What’s more, broker-dealers owned by banks do not want the liability exposure of a fiduciary standard of care. Suitability works fine for them. However, clients realize no benefit. In fact, the entire hybrid structure does not benefit the client, only the hybrid “advisor.”

Please understand, an ocean of difference exists between the prudent recommendations of a RIA and the suitable recommendations of a hybrid, fee-based advisor.

The impetus behind the hybrid channel is the broker-dealer. It uses the channel as a flexibility magnet to attract and hold those advisors who do not want to tether to only a broker-dealer or RIA.

I’m not saying they are “bad actors” in an industry already fraught with trust issues; I am saying caveat emptor, buyer beware.

Shelter in a Storm

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You can get out from under the gray cloud of uncertainty. You can adopt certain protective gear. No matter from whom you seek financial advice, ask the following questions and clear the air. If the person at the other end of the question hesitates at all, or succeeds in hedging an answer altogether, he or she likely has a conflict of interest and is not operating in your best interest.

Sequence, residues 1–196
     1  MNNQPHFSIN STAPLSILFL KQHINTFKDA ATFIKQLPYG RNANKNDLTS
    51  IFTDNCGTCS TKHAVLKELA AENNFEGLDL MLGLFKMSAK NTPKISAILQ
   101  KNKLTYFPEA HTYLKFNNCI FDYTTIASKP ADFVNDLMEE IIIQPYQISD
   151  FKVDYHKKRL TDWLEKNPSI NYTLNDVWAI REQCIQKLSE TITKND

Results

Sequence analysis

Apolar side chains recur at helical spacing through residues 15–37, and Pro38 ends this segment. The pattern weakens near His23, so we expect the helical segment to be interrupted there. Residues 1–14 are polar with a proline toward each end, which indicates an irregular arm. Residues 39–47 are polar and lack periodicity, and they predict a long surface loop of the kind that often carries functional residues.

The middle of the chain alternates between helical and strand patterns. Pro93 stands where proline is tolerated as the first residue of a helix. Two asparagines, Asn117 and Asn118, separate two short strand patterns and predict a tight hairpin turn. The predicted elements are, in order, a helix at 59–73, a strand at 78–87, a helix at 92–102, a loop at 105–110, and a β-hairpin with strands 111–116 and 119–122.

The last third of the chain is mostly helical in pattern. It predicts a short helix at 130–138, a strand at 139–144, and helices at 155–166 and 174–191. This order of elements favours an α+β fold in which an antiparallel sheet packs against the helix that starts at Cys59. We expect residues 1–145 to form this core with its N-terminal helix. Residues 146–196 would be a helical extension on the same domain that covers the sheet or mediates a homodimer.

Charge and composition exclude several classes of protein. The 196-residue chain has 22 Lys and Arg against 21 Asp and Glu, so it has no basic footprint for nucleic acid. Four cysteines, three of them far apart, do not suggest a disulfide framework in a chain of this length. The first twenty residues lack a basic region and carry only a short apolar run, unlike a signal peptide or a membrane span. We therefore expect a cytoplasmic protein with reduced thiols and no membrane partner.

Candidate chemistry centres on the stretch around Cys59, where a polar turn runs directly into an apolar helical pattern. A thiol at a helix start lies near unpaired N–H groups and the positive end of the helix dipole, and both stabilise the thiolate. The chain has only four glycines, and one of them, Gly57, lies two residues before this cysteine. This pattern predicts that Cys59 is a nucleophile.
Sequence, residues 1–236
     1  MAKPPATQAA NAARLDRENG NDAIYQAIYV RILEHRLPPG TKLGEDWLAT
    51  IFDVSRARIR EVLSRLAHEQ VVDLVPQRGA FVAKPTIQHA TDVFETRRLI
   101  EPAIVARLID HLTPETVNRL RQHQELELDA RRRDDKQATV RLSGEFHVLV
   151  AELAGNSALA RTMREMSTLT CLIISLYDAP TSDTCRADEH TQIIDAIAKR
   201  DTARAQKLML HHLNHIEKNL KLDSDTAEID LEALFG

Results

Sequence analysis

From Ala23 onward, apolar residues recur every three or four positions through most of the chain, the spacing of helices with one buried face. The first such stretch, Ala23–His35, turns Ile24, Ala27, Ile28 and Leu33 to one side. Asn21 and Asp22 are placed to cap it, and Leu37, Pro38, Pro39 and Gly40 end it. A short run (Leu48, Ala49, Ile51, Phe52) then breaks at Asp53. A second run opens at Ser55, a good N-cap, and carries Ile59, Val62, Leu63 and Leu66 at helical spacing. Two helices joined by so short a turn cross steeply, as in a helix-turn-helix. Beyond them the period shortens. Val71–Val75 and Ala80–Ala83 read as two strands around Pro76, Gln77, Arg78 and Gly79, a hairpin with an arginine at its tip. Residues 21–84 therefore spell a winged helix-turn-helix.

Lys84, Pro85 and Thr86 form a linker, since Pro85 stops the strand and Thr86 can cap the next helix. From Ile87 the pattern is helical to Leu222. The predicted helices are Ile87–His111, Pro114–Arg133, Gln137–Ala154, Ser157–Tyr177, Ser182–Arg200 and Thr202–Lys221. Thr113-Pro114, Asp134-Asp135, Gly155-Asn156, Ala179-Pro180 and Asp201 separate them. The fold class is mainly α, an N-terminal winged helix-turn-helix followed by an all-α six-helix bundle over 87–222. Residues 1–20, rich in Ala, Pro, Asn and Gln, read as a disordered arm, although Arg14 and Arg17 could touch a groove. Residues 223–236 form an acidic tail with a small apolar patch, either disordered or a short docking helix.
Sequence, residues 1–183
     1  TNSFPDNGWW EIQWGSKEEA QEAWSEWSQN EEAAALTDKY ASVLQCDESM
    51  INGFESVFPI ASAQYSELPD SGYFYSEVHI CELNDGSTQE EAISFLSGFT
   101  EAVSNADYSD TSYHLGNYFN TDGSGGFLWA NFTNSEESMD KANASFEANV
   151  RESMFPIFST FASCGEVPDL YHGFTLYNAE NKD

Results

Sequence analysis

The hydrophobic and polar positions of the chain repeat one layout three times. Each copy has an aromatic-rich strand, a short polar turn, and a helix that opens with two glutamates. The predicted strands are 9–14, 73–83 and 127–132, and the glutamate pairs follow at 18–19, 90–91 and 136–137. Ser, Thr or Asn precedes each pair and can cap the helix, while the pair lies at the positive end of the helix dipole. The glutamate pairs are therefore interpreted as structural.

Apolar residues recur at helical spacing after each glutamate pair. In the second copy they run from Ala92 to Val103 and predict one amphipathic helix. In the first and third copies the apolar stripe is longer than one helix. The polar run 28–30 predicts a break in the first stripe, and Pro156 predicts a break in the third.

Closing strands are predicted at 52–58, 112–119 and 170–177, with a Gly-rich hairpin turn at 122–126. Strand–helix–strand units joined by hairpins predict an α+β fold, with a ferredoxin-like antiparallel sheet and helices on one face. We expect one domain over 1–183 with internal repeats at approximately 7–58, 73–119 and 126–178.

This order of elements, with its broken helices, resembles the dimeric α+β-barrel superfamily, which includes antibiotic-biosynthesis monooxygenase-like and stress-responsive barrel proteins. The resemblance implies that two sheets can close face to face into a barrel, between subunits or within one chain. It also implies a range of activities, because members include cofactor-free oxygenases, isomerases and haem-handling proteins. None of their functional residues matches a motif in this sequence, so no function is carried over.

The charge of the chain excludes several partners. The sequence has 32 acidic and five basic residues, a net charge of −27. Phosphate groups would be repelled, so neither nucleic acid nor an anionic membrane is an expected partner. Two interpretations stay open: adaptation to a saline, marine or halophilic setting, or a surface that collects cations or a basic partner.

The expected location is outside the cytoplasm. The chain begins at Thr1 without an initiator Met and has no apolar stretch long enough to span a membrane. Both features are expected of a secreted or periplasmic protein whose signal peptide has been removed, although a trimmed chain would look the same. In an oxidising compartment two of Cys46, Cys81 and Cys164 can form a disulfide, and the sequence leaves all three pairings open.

1. Are you familiar with the Fiduciary Oath from the Committee for the Fiduciary Standard?

If, yes, continue with next question. If no, walk away.

2. Describe for me your Fiduciary Oath and would you sign it for me?
If, yes, continue with next question. If no, walk away.

3. Are you affiliated with a broker-dealer? Or a bank?
If, yes, continue with next question. If no, continue to probe.

4. Can you tell me what to expect from products or services?
Listen very carefully and take notes.

5. Are there any disclosed or non-disclosed benefits or commissions which accrue to you?
Depending on the answer, reconsider working with the advisor to protect your money from fee erosion. Banks and broker-dealers hide fees.

We do not believe your interests should be subordinated to the financial interests of the industry.

We do believe anyone calling himself or herself a financial advisor or consultant should be held the fiduciary standard of conduct.

And, we believe you deserve the tools necessary to distinguish between higher-quality advisors and lower-quality advisors.

This email address is being protected from spambots. You need JavaScript enabled to view it. with a simple “I want the Fiduciary Oath,” and we will send it to you shortly to help you with questioning advisors.

In our next post, I’ll discuss the new Department of Labor Fiduciary Rule which went into partial effect June 9 and its implications for retirement plans and the investment advisory business.